Swansea City manager Michael Laudrup: Don't concede and then we'll win
IT says something about Michael Laudrup's philosophy that he feels the need to justify his appeal for a clean sheet.
A defence-splitter in his playing days, Laudrup the coach likes his teams to focus on carving out opportunities too.
There are some managers — there was one in the Liberty dugout not long ago with a Portuguese accent — who will spend the majority of their time in the lead-up to games attempting to work out how best to stifle their opponents.
Once that is achieved, they will hope to snatch something at the other end.
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Laudrup's approach is much more focused on what his team can do going forward.
He almost accepts that they will concede goals — and does not mind as long as they score more themselves.
Laudrup is more concerned with creating chances than snuffing them out.
He wants his team to start fires, not extinguish them.
Yet there has been a change of stance from the Swansea City manager ahead of Saturday's meeting with Wigan Athletic.
Swansea are in need of a victory and, having conceded too often in recent times, Laudrup concedes that a clean sheet should provide the springboard to success.
"We have to make sure we don't give goals away," he suggests.
Having started the season with a couple of clean sheets, his team have been breached all too easily in recent times.
Michel Vorm has conceded 11 goals in five Premier League games since the opening-week successes against Queens Park Rangers and West Ham.
Even against lower-league opposition in the Capital One Cup, second-choice goalkeeper Gerhard Tremmel has been beaten three times in two rounds.
With so many goals going in at one end, Swansea are making life hard for themselves at the other.
As a result, Laudrup accepts that a shutout is high on his wishlist ahead of the weekend clash with Wigan.
"We have conceded a lot of goals, especially in the first 45 minutes in the last few games," he adds.
"We keep on having to come from behind and that's something we want to stop.
"We know we will create chances — we have done that in all the games we have played apart from Stoke.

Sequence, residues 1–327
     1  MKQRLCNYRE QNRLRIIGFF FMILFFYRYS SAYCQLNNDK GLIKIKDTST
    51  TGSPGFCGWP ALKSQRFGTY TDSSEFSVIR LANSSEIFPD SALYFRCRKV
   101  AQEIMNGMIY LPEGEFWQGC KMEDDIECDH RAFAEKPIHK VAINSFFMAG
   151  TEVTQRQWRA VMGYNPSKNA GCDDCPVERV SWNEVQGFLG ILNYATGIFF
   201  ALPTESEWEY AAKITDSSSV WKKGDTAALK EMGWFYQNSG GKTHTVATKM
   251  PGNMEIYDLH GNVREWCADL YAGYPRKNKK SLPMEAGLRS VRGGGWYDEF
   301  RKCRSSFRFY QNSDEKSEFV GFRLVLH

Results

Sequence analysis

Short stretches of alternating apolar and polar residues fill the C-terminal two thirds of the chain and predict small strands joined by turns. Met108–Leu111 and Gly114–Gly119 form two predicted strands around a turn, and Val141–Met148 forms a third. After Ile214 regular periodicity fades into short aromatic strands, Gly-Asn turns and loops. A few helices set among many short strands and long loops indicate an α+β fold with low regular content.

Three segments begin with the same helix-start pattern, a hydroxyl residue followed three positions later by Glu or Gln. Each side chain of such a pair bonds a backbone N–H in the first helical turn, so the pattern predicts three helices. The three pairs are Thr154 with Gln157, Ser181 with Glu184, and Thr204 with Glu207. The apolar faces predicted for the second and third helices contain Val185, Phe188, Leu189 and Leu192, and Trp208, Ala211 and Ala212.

"We can play good, average or whatever and we will always create chances.
"But if we have to come from behind, whether it's 1-0 or 2-0, it makes it much more difficult for us. It puts much more pressure on you when you are behind. You have to get everything more quickly."
In defence of his team's defending, Laudrup points out that Everton aside, nobody has carved out chance after chance against Swansea this season.
That may be about to change with fixtures against some of the big guns lurking around the corner, but it is true that Swansea have not exactly been overrun in the early stages of this campaign.
Last time out, for instance, Reading scored two goals from three opportunities — and one of them was the result of an uncharacteristic Vorm mistake.
Ashley Williams has also made a couple of unfamiliar errors, so some of the goals Swansea have conceded might easily have been avoided.
"Apart from Everton, we haven't given a lot of chances to our opponents," Laudrup says.
"Against Stoke, Reading, Sunderland and Aston Villa we gave away very few chances.
"But of course there were enough for them to score goals against us, especially in the first half of games, and it's very important that we change that."
After Saturday, Swansea face Manchester City, Chelsea, Newcastle and Liverpool in their next five league games, while there is also the League Cup tie at Anfield to squeeze in.
The daunting fixtures do not stop there, for Arsenal, Tottenham and Manchester United all come shortly after that.
After what has been a fairly gentle opening to the Laudrup era in terms of the sides Swansea have played, there are some huge tests ahead.
Hence, after four league outings without a victory, the visit of Wigan takes on considerable significance.
"Once more we play against a direct rival," Laudrup says.
"You could say that all seven games we have played in the league have been against teams who are our opponents, and this will be the eighth.
"That's why it's so important that we don't concede an early goal, because we cannot keep coming from behind to draw or even win."
If there was any doubt, the statistics highlight how Swansea cannot expect to keep on digging themselves out of holes.
Before Reading, they had not fought back from a two-goal deficit since that memorable 4-3 win at Middlesbrough in February 2011, when Brendan Rodgers's men took the points having trailed 3-1 at one stage.
Before that, it was Lee Trundle's late brace at Peterborough which gave Swansea a 2-2 draw in December 2009.
Such revivals do not come around very often, so Swansea cannot possibly hope to thrive if they keep on conceding.
"It's good that we were able to come back from 2-0 down against Reading because it's the first time in a long, long time Swansea have done that," Laudrup says.
"But it was a very important game for us against a direct rival, and the negative part is that we haven't won for quite a few games now."
Like the defensive record, that is something Swansea need to change.